The higher moisture content of haylage may lead most to assume that this forage product therefore contains no respirable particles, but this is untrue. While at a lower level than hay, haylages do contain respirable particles (bacteria and mould), so they aren’t automatically more hygienic than hay. Just like hay, haylage can be steamed to improve hygienic quality.
Forage feeding in the 21st century
With the lack of a sufficient weather window for production, hay is becoming a less attractive crop. This coupled with the comparative ease of making haylage may make getting hold of good quality hay in the future a challenge. There are now many specialist horse forage producers making hay and haylage solely for equine use – these producers often have a better understanding of what it is that we require for our horses and therefore may produce more suitable, consistent products.
The invention of steamers has afforded more flexibility in our feeding of hay in particular. With sometimes questionable quality, steaming allows these forages to be fed with much improved hygiene, where in some cases they may have been unsuitable to feed. The introduction of steaming could not have come at a better time considering the challenges we face with hay production.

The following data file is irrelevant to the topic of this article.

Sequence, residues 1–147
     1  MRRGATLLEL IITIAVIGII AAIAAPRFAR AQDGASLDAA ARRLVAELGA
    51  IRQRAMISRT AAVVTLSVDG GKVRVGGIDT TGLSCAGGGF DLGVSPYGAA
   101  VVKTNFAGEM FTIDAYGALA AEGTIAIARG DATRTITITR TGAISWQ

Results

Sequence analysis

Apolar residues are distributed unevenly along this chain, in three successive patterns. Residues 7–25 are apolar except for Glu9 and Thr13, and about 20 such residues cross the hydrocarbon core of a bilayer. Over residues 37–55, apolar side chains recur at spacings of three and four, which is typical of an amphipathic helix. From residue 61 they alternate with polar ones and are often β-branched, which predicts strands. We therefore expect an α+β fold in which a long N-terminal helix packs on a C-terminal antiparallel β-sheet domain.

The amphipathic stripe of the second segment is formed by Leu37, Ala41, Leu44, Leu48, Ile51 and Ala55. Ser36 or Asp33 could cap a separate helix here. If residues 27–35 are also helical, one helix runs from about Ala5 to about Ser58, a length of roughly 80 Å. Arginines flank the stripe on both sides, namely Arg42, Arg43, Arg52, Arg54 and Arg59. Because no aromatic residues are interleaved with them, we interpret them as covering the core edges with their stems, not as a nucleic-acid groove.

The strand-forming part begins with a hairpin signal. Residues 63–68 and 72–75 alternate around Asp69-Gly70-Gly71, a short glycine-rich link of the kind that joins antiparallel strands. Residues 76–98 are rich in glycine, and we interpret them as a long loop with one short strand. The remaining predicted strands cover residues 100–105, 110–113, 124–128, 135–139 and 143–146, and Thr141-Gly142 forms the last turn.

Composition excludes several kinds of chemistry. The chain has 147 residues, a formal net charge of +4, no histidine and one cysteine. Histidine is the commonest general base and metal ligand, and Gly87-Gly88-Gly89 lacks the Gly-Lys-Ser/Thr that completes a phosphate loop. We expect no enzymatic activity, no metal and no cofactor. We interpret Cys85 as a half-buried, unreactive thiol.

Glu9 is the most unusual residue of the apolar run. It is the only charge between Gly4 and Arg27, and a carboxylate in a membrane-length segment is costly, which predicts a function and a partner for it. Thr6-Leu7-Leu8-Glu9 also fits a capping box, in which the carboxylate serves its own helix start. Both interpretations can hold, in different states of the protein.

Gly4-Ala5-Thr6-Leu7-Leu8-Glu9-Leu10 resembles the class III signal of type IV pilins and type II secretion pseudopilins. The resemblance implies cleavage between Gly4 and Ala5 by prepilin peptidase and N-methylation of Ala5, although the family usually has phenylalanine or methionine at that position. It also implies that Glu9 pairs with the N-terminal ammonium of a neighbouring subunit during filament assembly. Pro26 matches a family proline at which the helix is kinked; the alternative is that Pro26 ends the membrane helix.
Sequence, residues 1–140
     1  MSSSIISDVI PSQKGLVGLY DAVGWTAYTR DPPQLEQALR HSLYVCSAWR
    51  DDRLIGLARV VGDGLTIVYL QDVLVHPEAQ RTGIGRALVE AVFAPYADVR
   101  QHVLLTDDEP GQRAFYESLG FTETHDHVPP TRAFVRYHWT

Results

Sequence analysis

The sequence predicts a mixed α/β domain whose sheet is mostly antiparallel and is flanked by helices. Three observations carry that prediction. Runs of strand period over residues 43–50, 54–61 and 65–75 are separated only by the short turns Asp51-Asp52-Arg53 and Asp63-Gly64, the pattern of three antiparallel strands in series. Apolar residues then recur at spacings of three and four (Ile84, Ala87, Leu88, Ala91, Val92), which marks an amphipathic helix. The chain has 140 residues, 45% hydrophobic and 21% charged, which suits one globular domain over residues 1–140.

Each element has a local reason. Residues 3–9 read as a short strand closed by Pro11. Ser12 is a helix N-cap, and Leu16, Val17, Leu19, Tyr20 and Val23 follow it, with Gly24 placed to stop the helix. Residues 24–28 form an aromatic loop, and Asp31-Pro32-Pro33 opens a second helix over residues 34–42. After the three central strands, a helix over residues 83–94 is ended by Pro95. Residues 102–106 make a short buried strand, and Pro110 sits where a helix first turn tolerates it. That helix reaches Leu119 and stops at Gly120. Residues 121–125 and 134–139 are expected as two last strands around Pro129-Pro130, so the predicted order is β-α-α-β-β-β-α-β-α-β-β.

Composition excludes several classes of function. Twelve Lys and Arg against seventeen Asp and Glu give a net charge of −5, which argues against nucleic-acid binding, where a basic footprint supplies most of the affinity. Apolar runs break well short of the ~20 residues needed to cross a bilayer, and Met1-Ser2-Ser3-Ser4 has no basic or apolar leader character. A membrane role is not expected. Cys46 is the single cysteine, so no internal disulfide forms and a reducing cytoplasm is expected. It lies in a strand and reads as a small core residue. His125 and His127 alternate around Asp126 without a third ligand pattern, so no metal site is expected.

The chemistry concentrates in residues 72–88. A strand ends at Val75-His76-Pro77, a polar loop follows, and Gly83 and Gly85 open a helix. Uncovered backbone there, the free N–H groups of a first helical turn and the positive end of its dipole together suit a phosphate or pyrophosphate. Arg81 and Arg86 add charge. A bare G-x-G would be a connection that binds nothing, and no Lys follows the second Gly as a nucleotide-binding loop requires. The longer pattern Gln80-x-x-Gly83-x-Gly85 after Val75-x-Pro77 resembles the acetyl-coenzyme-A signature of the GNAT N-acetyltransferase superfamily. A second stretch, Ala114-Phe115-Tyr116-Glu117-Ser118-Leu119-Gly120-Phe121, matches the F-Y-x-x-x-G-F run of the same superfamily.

Making the Decision
Choice of forage should not only be based on which type of forage may be most suitable, but also what forage you can reliably source of good consistent quality.
As forage should comprise the majority of any horse’s diet, knowing a little more about where we are sourcing our forage from and what questions to ask from the provider is key in ensuring we make the best feeding decisions.
Lastly, once you’ve made your decision, always remember to properly transition you horse from one forage to another –even if it is just a different batch of hay or haylage. Changes in forage are reported to result in a greater risk of colic than changes in concentrate feed.
DM – Dry Matter
WSC – Water Soluble Carbohydrate
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Leggatt, P., and Moore-Colyer, M.J.S (2013) The effect of steam treatment on the bacteria, yeast and mould concentrations in haylage for horses. Proceedings of the British Society of Animal Science. Nottingham UK, April 2013
Muller, C.E. (2012) Impact of harvest, preservation and storage conditions on forage quality. In: Forages and grazing in horse nutrition, EAAP, Volume 132
Muller, C.E., Nostell, K., and Brojer, J., (2015) Microbial counts in forages for horses – effect of storage time and of water soaking before feeding. Journal of Equine Veterinary Science, 35 (7): 622-627